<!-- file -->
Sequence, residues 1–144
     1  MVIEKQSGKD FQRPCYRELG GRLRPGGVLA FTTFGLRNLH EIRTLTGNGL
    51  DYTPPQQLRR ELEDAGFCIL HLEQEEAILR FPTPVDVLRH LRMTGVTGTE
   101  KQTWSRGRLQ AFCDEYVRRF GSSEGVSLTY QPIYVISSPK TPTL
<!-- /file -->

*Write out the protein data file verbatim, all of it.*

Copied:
Sequence, residues 1–144
     1  MVIEKQSGKD FQRPCYRELG GRLRPGGVLA FTTFGLRNLH EIRTLTGNGL
    51  DYTPPQQLRR ELEDAGFCIL HLEQEEAILR FPTPVDVLRH LRMTGVTGTE
   101  KQTWSRGRLQ AFCDEYVRRF GSSEGVSLTY QPIYVISSPK TPTL